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Ganesh Chaturthi 2018: Take back plants with modaks as Ganpati Bappa’s blessings from pandals

This year, Ganpati puja celebrations around Delhi-NCR are coupled with plantation drives and efforts to raise awareness on planting saplings and nurturing them, to counter the pollution in the Capital.

delhi Updated: Sep 12, 2018 10:54 IST
Henna Rakheja
Henna Rakheja
Hindustan Times
Ganpati,Ganesh Utsav,Pandal
Residents worship at a Ganesh pandal in Delhi’s Rajinder Nagar. (Photo: Virendra Singh )

The grandeur of Ganesh Chaturthi celebrations in Delhi-NCR rivals that of the Mumbai utsavs. But usually, that also means litter in the streets and a polluted river after visarjan. This year, however, is going to be another story. This time, the Ganpati festival (on September 13) will bring good luck to not just the devotees but also to the environment.

Besides getting delicious modaks as prasad, devotees will also get saplings. This is an extension of the eco-friendly steps that Ganpati puja organisers have been taking for the past few years — so far, we’ve seen chemical-free Ganesha idols, and curbs on the use of plastic at pandals.

Mahendra Ladda, founder-president, Shri Ganesh Area Mandal, which organises Delhi ka Maharaja in Laxmi Nagar, says, “We’ve been celebrating Ganpati puja for 16 years, and four years ago, we started using an eco-friendly Ganesha idol. We even initiated the practice of visarjan in the pandal itself, to avoid polluting the Yamuna and reducing traffic jams. And then we thought, ‘What about the pollution that has already corroded our environment?’ To fight this pollution, we decided to use plants as our weapons.

‘We’re decorating our Ganesha pandal with 4,500 potted plants, which will be distributed to visitors along with prasad, after visarjan’ — Mahendra Ladda, founder-president, Shri Ganesh Area Mandal

“We’re decorating our Ganesha pandal with 4,500 potted plants, which will be distributed to visitors along with prasad, after visarjan. This is to ensure that we do something for our future generations, so that they don’t curse us for having depleted whatever nature gave!”

Ladda tells us that the inspiration to counter pollution came to him after watching a video, in which he saw former President APJ Abdul Kalam explaining that by 2070, we might run out of natural resources if we don’t replenish them. “Therefore, we’ve ensured no plastic use, even in the waterproofing of the tent,” he says.

The sapling idea is shared by the committee of Lalbagh ka Raja, Pitampura. Puja pradhan Naresh Goyal says, “We’ve decided to present potted plants along with mementos to our guests who’ll visit during the Ganpati celebrations. These guests include Bollywood celebrities, and we feel that if they join us in the drive to plant saplings, then more people will follow.”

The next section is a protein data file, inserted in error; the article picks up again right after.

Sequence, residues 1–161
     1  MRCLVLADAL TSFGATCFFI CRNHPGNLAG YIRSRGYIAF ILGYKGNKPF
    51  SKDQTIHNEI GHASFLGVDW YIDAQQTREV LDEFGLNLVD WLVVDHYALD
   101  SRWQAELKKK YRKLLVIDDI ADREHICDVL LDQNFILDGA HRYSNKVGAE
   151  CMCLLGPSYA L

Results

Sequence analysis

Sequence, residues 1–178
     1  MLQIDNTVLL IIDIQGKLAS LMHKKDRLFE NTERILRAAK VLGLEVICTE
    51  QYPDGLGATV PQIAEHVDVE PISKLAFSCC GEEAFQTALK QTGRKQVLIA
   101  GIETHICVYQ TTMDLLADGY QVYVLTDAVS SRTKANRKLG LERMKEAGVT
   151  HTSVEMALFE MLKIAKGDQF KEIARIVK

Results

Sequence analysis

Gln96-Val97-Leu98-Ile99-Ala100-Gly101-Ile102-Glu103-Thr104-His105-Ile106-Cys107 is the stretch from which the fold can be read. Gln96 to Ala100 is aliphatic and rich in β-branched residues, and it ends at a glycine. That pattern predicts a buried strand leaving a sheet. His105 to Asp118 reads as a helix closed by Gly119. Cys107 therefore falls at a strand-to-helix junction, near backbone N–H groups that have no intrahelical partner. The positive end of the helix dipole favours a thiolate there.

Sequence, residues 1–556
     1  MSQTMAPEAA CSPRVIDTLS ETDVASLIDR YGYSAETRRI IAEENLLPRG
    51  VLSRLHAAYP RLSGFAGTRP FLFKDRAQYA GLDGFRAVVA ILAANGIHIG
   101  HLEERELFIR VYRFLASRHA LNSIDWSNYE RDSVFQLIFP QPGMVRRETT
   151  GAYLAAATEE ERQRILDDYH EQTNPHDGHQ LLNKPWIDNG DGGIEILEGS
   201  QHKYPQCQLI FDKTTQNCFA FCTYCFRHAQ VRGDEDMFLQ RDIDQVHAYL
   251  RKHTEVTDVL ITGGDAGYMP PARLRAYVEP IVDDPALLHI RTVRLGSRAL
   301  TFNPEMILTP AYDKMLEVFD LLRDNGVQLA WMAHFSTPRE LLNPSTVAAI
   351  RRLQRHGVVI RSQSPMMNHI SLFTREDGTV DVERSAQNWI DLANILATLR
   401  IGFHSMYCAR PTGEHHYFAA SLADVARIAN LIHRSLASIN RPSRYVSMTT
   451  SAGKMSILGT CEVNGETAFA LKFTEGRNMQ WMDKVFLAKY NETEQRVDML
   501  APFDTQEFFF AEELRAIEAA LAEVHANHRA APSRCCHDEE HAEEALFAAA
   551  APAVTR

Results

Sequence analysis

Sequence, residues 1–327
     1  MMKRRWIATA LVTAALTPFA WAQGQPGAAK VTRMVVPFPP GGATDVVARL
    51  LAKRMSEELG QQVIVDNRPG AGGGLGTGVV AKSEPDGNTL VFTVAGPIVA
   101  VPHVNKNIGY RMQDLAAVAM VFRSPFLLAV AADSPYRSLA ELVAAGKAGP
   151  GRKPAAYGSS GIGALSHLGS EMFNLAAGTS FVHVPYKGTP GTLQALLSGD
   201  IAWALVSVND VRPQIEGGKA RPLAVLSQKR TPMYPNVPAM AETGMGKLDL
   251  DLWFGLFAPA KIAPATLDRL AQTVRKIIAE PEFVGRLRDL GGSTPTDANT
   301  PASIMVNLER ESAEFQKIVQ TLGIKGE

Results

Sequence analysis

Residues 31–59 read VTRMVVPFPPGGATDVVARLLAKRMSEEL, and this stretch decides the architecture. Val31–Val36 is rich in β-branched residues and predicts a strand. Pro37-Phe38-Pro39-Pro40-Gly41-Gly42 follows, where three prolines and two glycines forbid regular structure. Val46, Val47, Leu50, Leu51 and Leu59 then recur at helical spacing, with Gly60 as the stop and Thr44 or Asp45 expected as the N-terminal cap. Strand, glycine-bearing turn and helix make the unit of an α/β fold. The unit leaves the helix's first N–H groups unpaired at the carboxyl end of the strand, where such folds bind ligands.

Some organisations began the festivities with plantation drives. Take the Sarvajanik Ganeshotsav Samiti, which sets up a Ganpati puja pandal at Huda Community Centre, Sector 27, Gurugram. “Before setting up the pandal, we organised a plantation drive, where around 150 people participated and planted 70 trees. Also, during the 10-day celebrations, we’ll have potted plants at our reception, which will be given away free to those who wish to take them. We don’t want to force people to take a plant, but we want that those who take it home should take good care of it,” says Manoj Kharad, president of the committee.

‘We thought of giving the message of ‘Save the Environment’ during this year’s Ganpati celebrations’ — Mandeep Singh, president of Dilli Ka Raja Utsav Samiti

Spreading awareness to nourish the urban greenery is also on the to-do list of other puja committees. Mandeep Singh, president of Dilli Ka Raja Utsav Samiti in Ramesh Nagar, says, “Recently, the NGT (National Green Tribunal) ordered some authorities to not to cut trees… To support this decision, we thought of giving the message of ‘Save the Environment’ during this year’s Ganpati celebrations. We have, therefore, decided to distribute at least 500 plants at the pandal. We’ll encourage everyone who visits the pandal to plant at least one sapling in their lifetime and take the responsibility of watering it regularly, so that it lives on for years after they’re gone.”

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First Published: Sep 11, 2018 19:15 IST